Phonetic Language Meaning And Usage (Explained)

Learning a language is no easy feat, since there are three parts to every language: reading, writing, and speaking (speaking being the most difficult of the three). While most languages can be easier in one aspect, some suggest those that are more phonetic will be easier in all three factors of language learning.

Therefore we should the question: What does phonetic language mean, and how do we use it?

The common meaning of phonetic language refers to a writing system pronunciation that accurately corresponds to it’s spoken word. This goes both ways too, since in a phonetic language you can know how to spell a word simply by hearing it.

Like with any language, the answer to the meaning of what a phonetic language is requires more than just a few sentences. For starters, can any language be truly phonetic? Is “phonetic language” even a real term? Can there be a non-phonetic language? What well-known languages are phonetic? I’ll answer all of these questions down below!

What Is Meant By Phonetic Language?

When we say “phonetic language”, what do we really mean? Though we sometimes forget how complex languages can be, there are many different moving parts going into what we use everyday. With these many different parts comes various odd and unfamiliar terms.

One of these unfamiliar terms in languages for some could be our topic here. We could ask the question: what is meant by phonetic language?

What phonetic language means is a language that has its words pronounced just as they are written. This largely affects language learning, by making some languages easier to learn if they have phonetics as opposed to those who don’t.

Languages that are more phonetic in this regard can be easier to learn, insofar as languages can be considered “easy”. Though a lot of languages, like the widely spoken English for instance, are not all that phonetic. Thus, it is a hurdle that many people can overcome if necessary.

If you ask questions regarding phonetic languages, some people will love (and I mean love) to say how wrong you are in using the term “phonetic”. Is there any truth to “phonetic” being problematic?

Objections To The Term “Phonetic Language”

When using “phonetic language”, it really is more of a layman’s term. Phonetics technically refers to sound, and every language makes sound with the exception of sign language (though some perform mental gymnastics to include that in phonetics too).

In that case, any language is therefore phonetic. Yet, what most are getting at when using “phonetic language” is having the written and spoken word pronunciations directly the “same”. Is it then wrong to use “phonetic” in that way?

There are those who say that ” it is better to use phonemic vs phonetic”(yes, it is confusing that they look nearly the same), but mainly this is not an interesting issue. Just take a look at the definitions of these two terms:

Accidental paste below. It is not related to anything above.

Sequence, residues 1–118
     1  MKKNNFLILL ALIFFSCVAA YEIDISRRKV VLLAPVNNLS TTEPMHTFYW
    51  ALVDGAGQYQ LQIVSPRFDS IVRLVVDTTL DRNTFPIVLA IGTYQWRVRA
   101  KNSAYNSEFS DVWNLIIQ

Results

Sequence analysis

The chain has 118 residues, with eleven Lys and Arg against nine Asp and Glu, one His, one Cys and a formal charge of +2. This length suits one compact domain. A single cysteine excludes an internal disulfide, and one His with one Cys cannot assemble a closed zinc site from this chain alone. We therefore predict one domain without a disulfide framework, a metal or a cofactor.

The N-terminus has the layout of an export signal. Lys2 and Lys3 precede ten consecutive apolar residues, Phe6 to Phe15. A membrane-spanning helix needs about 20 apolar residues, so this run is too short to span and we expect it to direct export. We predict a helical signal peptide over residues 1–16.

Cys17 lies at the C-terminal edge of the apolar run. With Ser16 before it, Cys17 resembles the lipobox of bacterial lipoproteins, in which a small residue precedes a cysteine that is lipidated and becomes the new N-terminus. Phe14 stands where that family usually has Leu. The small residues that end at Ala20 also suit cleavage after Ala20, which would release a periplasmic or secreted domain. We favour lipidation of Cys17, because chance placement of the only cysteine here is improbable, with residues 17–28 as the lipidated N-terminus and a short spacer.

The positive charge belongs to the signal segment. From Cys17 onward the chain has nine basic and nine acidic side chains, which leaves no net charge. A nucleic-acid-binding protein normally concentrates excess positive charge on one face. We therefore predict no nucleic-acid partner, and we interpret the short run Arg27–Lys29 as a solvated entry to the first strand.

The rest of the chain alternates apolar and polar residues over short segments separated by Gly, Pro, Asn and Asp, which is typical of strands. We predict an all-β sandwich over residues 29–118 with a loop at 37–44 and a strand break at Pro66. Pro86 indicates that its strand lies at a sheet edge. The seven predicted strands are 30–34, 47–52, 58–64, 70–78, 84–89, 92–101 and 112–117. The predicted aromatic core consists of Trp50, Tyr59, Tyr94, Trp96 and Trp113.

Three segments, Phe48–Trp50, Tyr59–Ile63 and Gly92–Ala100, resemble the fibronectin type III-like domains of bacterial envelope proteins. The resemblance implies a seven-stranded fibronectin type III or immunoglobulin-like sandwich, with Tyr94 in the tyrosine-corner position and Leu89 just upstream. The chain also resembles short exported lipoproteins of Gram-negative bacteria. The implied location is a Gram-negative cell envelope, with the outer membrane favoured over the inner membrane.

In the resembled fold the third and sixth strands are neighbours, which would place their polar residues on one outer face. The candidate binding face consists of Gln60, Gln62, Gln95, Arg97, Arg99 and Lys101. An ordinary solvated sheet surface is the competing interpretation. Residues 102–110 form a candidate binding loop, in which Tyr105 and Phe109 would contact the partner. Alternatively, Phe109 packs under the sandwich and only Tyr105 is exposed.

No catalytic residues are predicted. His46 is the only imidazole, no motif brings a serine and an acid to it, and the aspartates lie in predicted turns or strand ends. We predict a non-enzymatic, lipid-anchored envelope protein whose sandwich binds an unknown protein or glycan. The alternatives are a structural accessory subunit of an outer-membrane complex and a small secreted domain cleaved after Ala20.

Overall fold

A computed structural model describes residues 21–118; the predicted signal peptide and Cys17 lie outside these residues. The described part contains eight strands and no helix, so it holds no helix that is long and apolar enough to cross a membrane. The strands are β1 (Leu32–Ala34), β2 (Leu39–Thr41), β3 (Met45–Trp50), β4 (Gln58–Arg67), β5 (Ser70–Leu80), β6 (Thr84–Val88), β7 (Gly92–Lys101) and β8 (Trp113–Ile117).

• Phonetic: (definition provided by Merriam-Webster)
    1. representing speech sounds by means of symbols that have one value only
    2. of or relating to spoken language or speech sounds
  • Phoneme: (definition provided by Merriam-Webster)
    1. any of the abstract units of the phonetic system of a language that correspond to a set of similar speech sounds (such as the velar \k\ of cool and the palatal \k\ of keel) which are perceived to be a single distinctive sound in the language

They really can mean the same thing if we want it too, and most people do.

So, don’t worry! I’m not going to beat you over the head on how wrong you are with your use of phonetics, or pretend I don’t know what you’re talking about.

Just make sure to note that I will continue to use the common definition of phonetic language, namely knowing a word’s sound by its spelling, throughout this article.

What Does Phonetically Consistent Mean?

If we have a better idea of what we mean by phonetic language, how does something like phonetically consistent come into play? What does phonetically consistent mean?

Phonetically consistent refers to a language that is more phonetical than others, and more reliable in having less exceptions. For a language to be consistently phonetic, it has to have the majority of its written and spoken word pronunciations coincide without common exceptions.

Could a language be entirely phonetic? Or, could a language be 100% phonetically consistent

Can A Language Be 100% Phonetical?

First off, what do we mean by 100% phonetic?

If a language was completely phonetic, that would mean a word alone is sufficient in knowing how to pronounce it. To be 100% phonetic, it also means that there can be no exceptions.

Is it possible for a language to be like this?

There cannot be a 100% phonetic language in this regard, or if there were one, it would be synthetic in origin. It would have to be artificial since languages are formed over time by people using them.

This means it could be perfectly designed that way if it were designed to be so, but it would not meet the requirements of being an actual language. This is mainly because it would lack the development of meaning through culture and the people who formed it over time.